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http://journals.plos.org/plosone/article?id=10.1371/journal.pone.0177787PLOS
http://www.ncbi.nlm.nih.gov/pmc/articles/PMC5435300PMC
September 2017

Awake High-Flow Extracranial to Intracranial Bypass for Complex Cerebral Aneurysms: Institutional Clinical Trial Results.

World Neurosurg 2017 Sep 14;105:557-567. Epub 2017 Apr 14.

Saint Louis University Center for Outcomes Research, St. Louis, Missouri, USA.

Objective: Assess the potential added benefit to patient outcomes of "awake" neurological testing when compared with standard neurophysiologic testing performed under general endotracheal anesthesia.

Methods: Prospective study of 30 consecutive adult patients who underwent awake high flow extracranial to intracranial (HFEC-IC) bypass. Clinical neurological and neurophysiologic findings were recorded. Primary outcome measures were the incidence of stroke/cerebrovascular accident (CVA), length of stay, discharge to rehabilitation, 30-day modified Rankin scale score, and death. An analysis was also performed of a retrospective control cohort (n = 110 patients who underwent HFEC-IC for internal carotid artery (ICA) aneurysms under standard general endotracheal anesthesia).

Results: Five patients (16.6%) developed clinical awake neurological changes (4, contralateral hemiparesis; 1, ipsilateral visual changes) during the 10-minute ICA occlusion test. These patients had 2 kinks in the graft, 1 vasospasm, 1 requiring reconstruction of the distal anastomosis, and 1 developed blurring of vision that reversed after the removal of the distal permanent clip on the ICA. Three of these 5 patients had asynchronous clinical "awake" neurological and neurophysiologic changes. Two patients (7%) developed CVA. Median length of stay was 4 days. Twenty-eight of 30 patients were discharged to home. Median modified Rankin scale score was 1. There were no deaths in this series. Absolute risk reduction in the awake craniotomy group (n = 30) relative to control retrospective group (n = 110) was 7% for CVA, 9% for discharge to rehabilitation, and 10% for graft patency.

Conclusions: Temporary ICA occlusion during HFEC-IC bypass for ICA aneurysms in conjunction with awake intraoperative clinical testing was effective in detecting a subset of patients (n = 3, 10%) in whom neurological deficit was not detected by neurophysiologic monitoring alone.
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http://dx.doi.org/10.1016/j.wneu.2017.04.016DOI Listing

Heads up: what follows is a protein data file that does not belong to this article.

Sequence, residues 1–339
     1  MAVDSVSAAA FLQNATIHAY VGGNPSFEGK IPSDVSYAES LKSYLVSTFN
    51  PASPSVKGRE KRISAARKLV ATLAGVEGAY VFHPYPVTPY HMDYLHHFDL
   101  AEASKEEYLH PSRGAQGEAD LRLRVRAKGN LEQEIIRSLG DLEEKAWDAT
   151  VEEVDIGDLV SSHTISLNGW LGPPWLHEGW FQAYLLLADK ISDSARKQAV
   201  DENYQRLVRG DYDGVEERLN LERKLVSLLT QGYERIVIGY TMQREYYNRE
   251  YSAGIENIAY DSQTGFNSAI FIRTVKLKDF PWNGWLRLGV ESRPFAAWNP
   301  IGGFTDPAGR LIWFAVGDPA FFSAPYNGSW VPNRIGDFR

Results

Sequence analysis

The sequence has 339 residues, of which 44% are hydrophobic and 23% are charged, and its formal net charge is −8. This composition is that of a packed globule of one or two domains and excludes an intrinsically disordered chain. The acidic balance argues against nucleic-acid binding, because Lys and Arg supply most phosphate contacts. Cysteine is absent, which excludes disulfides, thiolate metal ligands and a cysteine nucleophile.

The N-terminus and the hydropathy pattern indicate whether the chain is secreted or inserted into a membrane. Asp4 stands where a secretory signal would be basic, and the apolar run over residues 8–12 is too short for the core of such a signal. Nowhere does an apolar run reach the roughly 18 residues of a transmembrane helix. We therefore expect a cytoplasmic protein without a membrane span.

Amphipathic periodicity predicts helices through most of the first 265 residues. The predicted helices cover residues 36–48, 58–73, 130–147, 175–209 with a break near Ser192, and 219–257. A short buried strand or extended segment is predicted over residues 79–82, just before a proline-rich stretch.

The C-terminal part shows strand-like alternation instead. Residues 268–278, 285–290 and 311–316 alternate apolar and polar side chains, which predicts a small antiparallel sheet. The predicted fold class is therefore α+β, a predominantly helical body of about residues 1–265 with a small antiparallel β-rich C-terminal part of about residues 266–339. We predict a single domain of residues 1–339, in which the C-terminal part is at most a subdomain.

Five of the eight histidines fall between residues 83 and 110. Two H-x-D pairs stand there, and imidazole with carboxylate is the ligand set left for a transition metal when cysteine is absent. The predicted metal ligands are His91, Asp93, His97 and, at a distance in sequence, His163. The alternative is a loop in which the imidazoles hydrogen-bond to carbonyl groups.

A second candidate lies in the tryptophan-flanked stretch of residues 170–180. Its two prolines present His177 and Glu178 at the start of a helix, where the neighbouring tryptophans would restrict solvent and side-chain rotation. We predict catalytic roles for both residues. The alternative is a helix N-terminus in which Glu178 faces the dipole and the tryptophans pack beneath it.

September 2017

Proposed clinical internal carotid artery classification system.

J Craniovertebr Junction Spine 2016 Jul-Sep;7(3):161-70

Department of Neurological Surgery, Saint Louis University, Saint Louis, Missouri, United States of America.

Introduction: Numerical classification systems for the internal carotid artery (ICA) are available, but modifications have added confusion to the numerical systems. Furthermore, previous classifications may not be applicable uniformly to microsurgical and endoscopic procedures. The purpose of this study was to develop a clinically useful classification system.

Materials And Methods: We performed cadaver dissections of the ICA in 5 heads (10 sides) and evaluated 648 internal carotid arteries with computed tomography angiography. We identified specific anatomic landmarks to define the beginning and end of each ICA segment.

Results: The ICA was classified into eight segments based on the cadaver and imaging findings: (1) Cervical segment; (2) cochlear segment (ascending segment of the ICA in the temporal bone) (relation of the start of this segment to the base of the styloid process: Above, 425 sides [80%]; below, 2 sides [0.4%]; at same level, 107 sides [20%]; P < 0.0001) (relation of cochlea to ICA: Posterior, 501 sides [85%]; posteromedial, 84 sides [14%]; P < 0.0001); (3) petrous segment (horizontal segment of ICA in the temporal bone) starting at the crossing of the eustachian tube superolateral to the ICA turn in all 10 samples; (4) Gasserian-Clival segment (ascending segment of ICA in the cavernous sinus) starting at the petrolingual ligament (PLL) (relation to vidian canal on imaging: At same level, 360 sides [63%]; below, 154 sides [27%]; above, 53 sides [9%]; P < 0.0001); in this segment, the ICA projected medially toward the clivus in 275 sides (52%) or parallel to the clivus with no deviation in 256 sides (48%; P < 0.0001); (5) sellar segment (medial loop of ICA in the cavernous sinus) starting at the takeoff of the meningeal hypophyseal trunk (ICA was medial into the sella in 271 cases [46%], lateral without touching the sella in 127 cases [23%], and abutting the sella in 182 cases [31%]; P < 0.0001); (6) sphenoid segment (lateral loop of ICA within the cavernous sinus) starting at the crossing of the fourth cranial nerve on the lateral aspect of the cavernous ICA and located directly lateral to the sphenoid sinus; (7) ring segment (ICA between the 2 dural rings) starting at the crossing of the third cranial nerve on the lateral aspect of the ICA; (8) cisternal segment starting at the distal dural ring.